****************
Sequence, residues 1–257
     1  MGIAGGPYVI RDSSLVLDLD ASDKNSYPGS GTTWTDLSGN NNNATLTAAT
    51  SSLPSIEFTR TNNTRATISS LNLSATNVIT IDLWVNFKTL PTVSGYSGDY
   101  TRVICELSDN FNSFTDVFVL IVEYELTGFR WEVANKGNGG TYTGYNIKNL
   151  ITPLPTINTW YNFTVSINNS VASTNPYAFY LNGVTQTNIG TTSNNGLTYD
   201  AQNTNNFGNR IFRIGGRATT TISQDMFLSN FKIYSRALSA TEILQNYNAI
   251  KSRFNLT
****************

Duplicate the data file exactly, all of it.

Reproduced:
Sequence, residues 1–257
     1  MGIAGGPYVI RDSSLVLDLD ASDKNSYPGS GTTWTDLSGN NNNATLTAAT
    51  SSLPSIEFTR TNNTRATISS LNLSATNVIT IDLWVNFKTL PTVSGYSGDY
   101  TRVICELSDN FNSFTDVFVL IVEYELTGFR WEVANKGNGG TYTGYNIKNL
   151  ITPLPTINTW YNFTVSINNS VASTNPYAFY LNGVTQTNIG TTSNNGLTYD
   201  AQNTNNFGNR IFRIGGRATT TISQDMFLSN FKIYSRALSA TEILQNYNAI
   251  KSRFNLT